8 Reasons to Ramp Up Your Job Search During the Holidays
November 3, 2014
Starting a New Job? Use the 30/60/90 Plan
August 27, 2018
There are many things we can do to reduce stress in our lives like exercise, meditation or enjoying the arts. But the stress associated with how we earn our living is a very unique thing. Heather Huhman of Glassdoor has identified three stages with clear-cut steps we can use to map out our goals and deflate that pressure.
Starting a new job comes with a multitude of emotions, some good and some bad. Fortunately, the wonders of organization come to the rescue, yet again, as the transition is eased through the 30/60/90-day plan.
An unfamiliar routine, or lack of a routine altogether, can cause for added stress as well as the growing pressures to impress and succeed at the new position. Although your stress may build for a variety of reasons, getting organized always alleviates the nervous tension at the hip of getting started.
A plan of any sort provides us with a tangible version of where we are going and where we want to be, all while tracking our progress and achievements along the way. By planning out your goals of the first 30, 60, and 90 days on the job, you have created your own vision and you are sure to take advantage of your full potential as a new hire.
In just a small time frame, you are expected to learn how to do your job successfully, in addition to discovering how to fit in. Your 30/60/90 game plan can get you there. Here is a sample outline of suggested goals to incorporate into your own customized plan:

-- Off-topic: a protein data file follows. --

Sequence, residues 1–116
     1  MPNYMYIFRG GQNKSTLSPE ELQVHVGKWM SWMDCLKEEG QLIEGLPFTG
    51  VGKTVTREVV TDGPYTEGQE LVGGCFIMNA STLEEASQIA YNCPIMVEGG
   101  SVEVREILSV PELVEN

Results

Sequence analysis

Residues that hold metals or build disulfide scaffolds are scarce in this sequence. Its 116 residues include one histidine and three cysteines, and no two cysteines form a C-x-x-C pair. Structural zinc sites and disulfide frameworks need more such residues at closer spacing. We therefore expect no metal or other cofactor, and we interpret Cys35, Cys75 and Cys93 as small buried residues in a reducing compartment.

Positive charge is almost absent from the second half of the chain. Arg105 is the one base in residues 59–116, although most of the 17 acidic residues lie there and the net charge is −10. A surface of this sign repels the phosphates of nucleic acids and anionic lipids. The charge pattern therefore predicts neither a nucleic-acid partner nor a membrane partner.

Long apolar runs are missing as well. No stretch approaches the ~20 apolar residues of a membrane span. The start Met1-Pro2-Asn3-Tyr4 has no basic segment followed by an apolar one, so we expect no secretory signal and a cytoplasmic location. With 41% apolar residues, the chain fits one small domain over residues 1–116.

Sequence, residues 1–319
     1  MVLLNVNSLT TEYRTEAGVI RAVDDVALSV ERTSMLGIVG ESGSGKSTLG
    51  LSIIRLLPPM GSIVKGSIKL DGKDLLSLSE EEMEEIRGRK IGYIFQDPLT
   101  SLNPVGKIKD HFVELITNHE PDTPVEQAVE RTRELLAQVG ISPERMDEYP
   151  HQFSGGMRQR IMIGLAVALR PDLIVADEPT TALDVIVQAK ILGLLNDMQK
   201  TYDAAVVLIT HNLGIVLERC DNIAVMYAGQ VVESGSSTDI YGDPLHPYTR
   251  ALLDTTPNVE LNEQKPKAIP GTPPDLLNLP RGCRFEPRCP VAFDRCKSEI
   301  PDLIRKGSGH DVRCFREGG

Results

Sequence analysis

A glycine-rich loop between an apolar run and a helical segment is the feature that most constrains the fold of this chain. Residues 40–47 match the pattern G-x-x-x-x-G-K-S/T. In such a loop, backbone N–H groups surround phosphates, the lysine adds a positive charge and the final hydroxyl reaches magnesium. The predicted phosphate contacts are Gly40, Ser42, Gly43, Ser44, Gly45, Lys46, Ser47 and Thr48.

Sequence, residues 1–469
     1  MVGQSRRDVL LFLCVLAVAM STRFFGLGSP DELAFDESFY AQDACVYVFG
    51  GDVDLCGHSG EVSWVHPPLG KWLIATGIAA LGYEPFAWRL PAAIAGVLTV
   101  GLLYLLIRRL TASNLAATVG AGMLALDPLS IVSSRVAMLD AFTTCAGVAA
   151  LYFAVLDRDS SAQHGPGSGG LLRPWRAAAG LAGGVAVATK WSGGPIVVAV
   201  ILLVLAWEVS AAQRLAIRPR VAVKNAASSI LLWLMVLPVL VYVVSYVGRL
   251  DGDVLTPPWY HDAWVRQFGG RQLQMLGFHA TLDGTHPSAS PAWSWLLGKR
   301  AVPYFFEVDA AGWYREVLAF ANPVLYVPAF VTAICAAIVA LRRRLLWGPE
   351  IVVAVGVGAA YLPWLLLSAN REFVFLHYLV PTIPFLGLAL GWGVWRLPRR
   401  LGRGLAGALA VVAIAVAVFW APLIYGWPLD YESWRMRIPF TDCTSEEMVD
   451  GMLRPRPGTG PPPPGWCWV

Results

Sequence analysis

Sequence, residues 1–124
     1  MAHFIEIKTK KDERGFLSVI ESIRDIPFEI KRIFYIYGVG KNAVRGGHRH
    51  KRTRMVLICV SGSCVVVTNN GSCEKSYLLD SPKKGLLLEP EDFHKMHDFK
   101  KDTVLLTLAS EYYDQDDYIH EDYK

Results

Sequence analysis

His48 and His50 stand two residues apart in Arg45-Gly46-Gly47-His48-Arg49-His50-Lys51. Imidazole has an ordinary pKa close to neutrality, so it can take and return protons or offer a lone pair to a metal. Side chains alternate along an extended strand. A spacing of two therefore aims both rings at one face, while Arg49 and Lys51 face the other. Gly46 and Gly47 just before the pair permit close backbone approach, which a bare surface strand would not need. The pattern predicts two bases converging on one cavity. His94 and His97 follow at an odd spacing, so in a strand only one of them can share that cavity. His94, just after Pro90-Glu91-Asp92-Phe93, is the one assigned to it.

(1) 30 Days – The Learning Stage
One common mistake of new hires is never taking the time to understand exactly what it is that the company is trying to accomplish through their strategic plan. As a new hire, it is extremely important to put in the effort to study and learn the internal lay of the land as follows:
Bring the mission statement and vision to life and discover the plans the company abides by to reach these core values.
Understand your boss’s expectations of you.
Begin forming professional relationships with coworkers.
Learn about your customers and clients.
Investigate the overall company culture.
(2) 60 Days – Adding the Y-O-U
Once you have taken time to fully assess the company, begin adding your strengths to the equation:
Progressively begin building your own personal brand within the company by showcasing what you do well.
Brainstorm the ways in which your own personal touch can accelerate company growth.
You may have started with listening much more than talking, which is recommended. By this stage, begin leveling out the playing fields by contributing to the conversation.
Furthermore, be an effective communicator by being open. You’re the newbie, but don’t hide behind your computer screen two months in.
Become more versatile by taking on some tasks outside of your set responsibilities.
Continue to be mindful of your boss’s expectations of you.
(3) 90 Days – The Transformation Stage
By this time, you should have a firm grasp of the role you play in the company. Your confidence is likely to have grown since your first day and leadership qualities are hopefully itching to be put to action. At this point, consider the following:
You know your employer well enough by now to be proactive when it comes to company happenings.
Be attentive and aware of new projects and come ready with possible solutions.
Analyze the growth in your network.
Dodge your novice mistakes.
Look into broadening your horizons by getting more involved. You can do this by joining a club, council, board, or committee.
Make time to notice your growth and reward yourself for your progress.
Your 30/60/90 plan is your written path from a new hire to an effective leader. By organizing and prioritizing, you can make the most out of the initial stages of your new job.